Rural communities in developing countries show a socially inclusive, resilient, and self-reliant model for their housing, despite the lack of individual capacities. However, due to scarce opportunities, many people move to the cities, often returning to challenging living conditions. As a result, both urban and rural inhabitants struggle to reach the desired living standards and well-being. This article explores general capacities of rural inhabitants in Kenya and identifies what shortages prevent inhabitant well-being within their housing. Outcomes of the interviews performed on two hundred families (four communities) evaluate whether the different communities still build housing by themselves, if they would like to continue this ‘self-reliant model’, or would prefer professionals ro realize their housing. The conclusion indicates that inhabitants would prefer to build housing by themselves and exposes why these communities change to ‘external’, housing solutions. Housing alternatives which lie within their capacities, play a crucial role in sustaining the communities’ self-reliance in relation to their housing.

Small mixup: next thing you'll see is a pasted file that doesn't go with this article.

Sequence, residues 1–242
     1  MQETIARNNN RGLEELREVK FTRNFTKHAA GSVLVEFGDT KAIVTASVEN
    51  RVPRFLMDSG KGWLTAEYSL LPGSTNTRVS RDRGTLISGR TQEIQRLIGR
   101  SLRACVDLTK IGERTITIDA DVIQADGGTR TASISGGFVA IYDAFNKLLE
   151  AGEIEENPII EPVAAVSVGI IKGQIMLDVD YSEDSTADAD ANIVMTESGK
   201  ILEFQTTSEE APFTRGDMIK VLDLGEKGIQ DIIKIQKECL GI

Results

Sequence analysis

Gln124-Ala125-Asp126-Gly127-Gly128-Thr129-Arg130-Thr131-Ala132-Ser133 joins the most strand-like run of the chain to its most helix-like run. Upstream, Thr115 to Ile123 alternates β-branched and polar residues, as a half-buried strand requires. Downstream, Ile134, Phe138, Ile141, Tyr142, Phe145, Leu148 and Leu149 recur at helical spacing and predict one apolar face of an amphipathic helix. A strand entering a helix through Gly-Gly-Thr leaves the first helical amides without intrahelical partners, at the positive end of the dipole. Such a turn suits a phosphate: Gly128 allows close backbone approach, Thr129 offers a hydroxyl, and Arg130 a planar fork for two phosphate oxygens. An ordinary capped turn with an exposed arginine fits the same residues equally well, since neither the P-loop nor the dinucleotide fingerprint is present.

Original languageEnglish
Title of host publicationSmart and Sustainable Cities and Buildings
EditorsRob Roggema, Anouk Roggema
Place of PublicationCham, Switzerland
PublisherSpringer
Chapter35
Pages499-517
Number of pages18
ISBN (Electronic)978-3-030-37635-2
ISBN (Print)978-3-030-37635-2
DOIs
Publication statusPublished - 2020

    Research areas

  • Self-reliance, Inhabitant capacities, Inhabitant-led development

ID: 73237999